When their middle-son Ezra was 2, Fields-Meyer and wife Shawn (parents of two other boys, Ami and Noam) grew concerned about his unusual behavior. Ezra avoided eye contact, was non-communicative, and demonstrated serious difficulty coping with stimuli or engaging "normally." After he was diagnosed with autism the following year, Fields-Meyer and his wife worked with Ezra's teachers and friends to help him integrate into the wider world as much as possible. While Ezra struggled with aspects of social interaction (like tact), his gift for numbers, lists, and minutiae eventually allowed him to interact with people in ways his parents never expected. They never tried to force him into a mold of "normal" behavior, and everyone benefited from this approach. Fields-Meyer's touching memoir ends with Ezra's bar mitzvah, an event that both signaled the end of his childhood, and served as a benchmark of his ability to function in surprising ways. Neither terror nor saint, the charming Ezra's triumphs are more remarkable for their lack of super-human accomplishment, illustrating how ordinary families can persevere and thrive with love and patience. (Sept.)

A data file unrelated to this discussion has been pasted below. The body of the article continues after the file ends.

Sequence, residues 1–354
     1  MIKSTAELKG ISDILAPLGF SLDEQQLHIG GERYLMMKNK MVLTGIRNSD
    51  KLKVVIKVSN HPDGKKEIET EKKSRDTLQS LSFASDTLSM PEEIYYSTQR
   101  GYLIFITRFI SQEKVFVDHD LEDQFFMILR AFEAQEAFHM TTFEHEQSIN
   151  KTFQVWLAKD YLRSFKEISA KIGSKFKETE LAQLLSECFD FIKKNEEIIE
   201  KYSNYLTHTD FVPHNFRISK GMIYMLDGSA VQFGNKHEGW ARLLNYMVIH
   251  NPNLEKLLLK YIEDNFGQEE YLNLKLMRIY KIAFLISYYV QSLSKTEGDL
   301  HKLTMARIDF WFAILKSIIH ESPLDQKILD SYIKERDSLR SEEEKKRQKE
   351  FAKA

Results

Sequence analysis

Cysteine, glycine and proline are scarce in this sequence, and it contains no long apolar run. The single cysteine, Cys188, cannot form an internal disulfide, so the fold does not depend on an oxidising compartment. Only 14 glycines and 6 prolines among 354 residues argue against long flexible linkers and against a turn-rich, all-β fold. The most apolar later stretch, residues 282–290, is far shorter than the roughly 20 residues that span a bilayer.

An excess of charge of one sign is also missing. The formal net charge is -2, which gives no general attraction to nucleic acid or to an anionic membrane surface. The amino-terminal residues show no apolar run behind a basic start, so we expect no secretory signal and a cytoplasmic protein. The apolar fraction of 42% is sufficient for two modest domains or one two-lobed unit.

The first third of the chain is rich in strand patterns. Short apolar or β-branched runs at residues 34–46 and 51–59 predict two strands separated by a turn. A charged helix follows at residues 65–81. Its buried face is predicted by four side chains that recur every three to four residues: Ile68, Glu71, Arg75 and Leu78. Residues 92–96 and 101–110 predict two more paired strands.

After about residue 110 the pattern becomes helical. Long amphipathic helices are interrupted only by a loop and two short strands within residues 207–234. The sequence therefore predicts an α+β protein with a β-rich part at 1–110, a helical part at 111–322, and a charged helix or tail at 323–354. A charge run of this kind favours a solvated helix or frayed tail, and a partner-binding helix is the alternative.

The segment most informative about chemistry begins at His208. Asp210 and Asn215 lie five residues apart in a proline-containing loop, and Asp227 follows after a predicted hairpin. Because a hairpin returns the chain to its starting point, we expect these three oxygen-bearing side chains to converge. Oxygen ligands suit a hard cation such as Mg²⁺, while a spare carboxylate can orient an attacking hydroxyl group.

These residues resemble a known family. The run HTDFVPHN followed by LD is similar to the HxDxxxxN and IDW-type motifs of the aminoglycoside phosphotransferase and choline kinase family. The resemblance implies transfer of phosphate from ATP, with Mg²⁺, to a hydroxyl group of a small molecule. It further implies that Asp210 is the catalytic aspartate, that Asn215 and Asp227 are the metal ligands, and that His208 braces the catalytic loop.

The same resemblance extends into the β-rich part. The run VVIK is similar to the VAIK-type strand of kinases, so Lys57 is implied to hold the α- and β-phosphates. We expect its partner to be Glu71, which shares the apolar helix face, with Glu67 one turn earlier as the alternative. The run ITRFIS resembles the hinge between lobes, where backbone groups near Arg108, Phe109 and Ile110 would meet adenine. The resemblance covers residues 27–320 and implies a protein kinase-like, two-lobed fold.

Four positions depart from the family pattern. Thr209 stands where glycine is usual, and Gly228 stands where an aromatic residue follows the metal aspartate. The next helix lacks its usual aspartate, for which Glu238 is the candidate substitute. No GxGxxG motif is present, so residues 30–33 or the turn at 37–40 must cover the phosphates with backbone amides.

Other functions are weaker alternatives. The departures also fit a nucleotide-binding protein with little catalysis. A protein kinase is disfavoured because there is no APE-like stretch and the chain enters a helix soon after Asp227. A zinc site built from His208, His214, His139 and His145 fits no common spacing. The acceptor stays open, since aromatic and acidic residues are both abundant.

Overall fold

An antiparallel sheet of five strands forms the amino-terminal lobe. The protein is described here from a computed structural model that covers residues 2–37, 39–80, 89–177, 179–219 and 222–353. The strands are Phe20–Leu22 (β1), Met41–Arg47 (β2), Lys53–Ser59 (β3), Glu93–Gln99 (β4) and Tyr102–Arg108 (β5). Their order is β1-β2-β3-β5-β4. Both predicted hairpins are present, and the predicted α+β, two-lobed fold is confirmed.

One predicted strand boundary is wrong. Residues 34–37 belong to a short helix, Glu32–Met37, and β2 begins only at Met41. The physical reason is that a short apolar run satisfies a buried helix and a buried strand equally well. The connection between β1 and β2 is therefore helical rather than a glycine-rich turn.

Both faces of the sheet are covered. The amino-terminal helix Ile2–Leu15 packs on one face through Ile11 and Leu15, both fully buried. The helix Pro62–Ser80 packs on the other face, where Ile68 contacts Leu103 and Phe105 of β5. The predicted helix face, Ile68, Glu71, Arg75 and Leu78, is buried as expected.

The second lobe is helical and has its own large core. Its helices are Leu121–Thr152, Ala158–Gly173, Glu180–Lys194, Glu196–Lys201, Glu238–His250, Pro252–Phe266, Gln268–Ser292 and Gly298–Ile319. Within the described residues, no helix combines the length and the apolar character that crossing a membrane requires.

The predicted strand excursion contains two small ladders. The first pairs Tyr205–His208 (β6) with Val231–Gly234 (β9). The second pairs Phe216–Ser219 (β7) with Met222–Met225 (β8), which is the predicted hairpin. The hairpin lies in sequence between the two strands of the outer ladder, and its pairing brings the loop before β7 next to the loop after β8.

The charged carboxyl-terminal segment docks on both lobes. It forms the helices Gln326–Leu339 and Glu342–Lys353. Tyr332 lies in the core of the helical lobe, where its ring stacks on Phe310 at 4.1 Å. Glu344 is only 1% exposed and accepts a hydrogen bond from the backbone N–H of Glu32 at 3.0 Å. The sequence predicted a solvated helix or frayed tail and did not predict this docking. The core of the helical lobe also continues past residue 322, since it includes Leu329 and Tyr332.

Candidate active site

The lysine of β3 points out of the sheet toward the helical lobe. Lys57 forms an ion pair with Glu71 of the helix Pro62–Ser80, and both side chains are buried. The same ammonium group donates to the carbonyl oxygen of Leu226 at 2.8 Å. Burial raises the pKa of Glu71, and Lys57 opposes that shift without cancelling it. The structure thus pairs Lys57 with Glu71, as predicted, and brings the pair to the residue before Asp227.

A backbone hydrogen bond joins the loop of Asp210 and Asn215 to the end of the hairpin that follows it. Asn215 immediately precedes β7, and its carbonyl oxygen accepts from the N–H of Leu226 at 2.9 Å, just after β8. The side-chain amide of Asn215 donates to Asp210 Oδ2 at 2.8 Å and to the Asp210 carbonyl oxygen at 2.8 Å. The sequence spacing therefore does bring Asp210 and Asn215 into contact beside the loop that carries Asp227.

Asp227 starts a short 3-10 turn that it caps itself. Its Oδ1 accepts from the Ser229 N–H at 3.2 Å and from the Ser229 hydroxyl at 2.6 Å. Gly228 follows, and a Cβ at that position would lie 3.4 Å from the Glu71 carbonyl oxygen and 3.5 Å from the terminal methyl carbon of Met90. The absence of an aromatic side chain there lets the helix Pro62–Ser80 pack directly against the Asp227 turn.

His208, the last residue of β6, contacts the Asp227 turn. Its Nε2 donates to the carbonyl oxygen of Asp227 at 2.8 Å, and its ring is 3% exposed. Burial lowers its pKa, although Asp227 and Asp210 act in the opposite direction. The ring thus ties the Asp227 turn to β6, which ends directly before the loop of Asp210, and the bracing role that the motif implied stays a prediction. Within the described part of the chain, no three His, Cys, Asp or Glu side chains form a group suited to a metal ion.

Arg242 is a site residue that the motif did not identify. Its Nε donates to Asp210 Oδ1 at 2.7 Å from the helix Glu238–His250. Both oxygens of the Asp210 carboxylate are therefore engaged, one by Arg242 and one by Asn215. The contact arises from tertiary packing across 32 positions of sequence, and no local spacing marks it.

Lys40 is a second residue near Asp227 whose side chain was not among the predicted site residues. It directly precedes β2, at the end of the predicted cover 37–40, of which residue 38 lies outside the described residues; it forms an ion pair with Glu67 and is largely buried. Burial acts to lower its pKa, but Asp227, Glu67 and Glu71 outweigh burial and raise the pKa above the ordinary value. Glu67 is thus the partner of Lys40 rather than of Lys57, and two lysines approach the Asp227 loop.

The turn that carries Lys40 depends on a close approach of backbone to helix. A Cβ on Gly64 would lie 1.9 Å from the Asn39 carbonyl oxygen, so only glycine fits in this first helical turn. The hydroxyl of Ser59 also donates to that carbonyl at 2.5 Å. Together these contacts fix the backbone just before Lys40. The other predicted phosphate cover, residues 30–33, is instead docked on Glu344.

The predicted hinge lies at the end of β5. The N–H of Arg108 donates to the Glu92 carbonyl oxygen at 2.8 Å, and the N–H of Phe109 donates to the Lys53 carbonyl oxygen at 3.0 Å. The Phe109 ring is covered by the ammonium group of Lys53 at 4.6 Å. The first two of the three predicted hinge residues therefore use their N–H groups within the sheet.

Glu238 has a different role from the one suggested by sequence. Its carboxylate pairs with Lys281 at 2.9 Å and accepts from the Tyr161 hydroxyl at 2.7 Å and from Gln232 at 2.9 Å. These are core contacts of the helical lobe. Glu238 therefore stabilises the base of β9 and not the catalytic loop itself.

Reviewed on: 08/01/2011 Release date: 09/01/2011 Genre: Nonfiction
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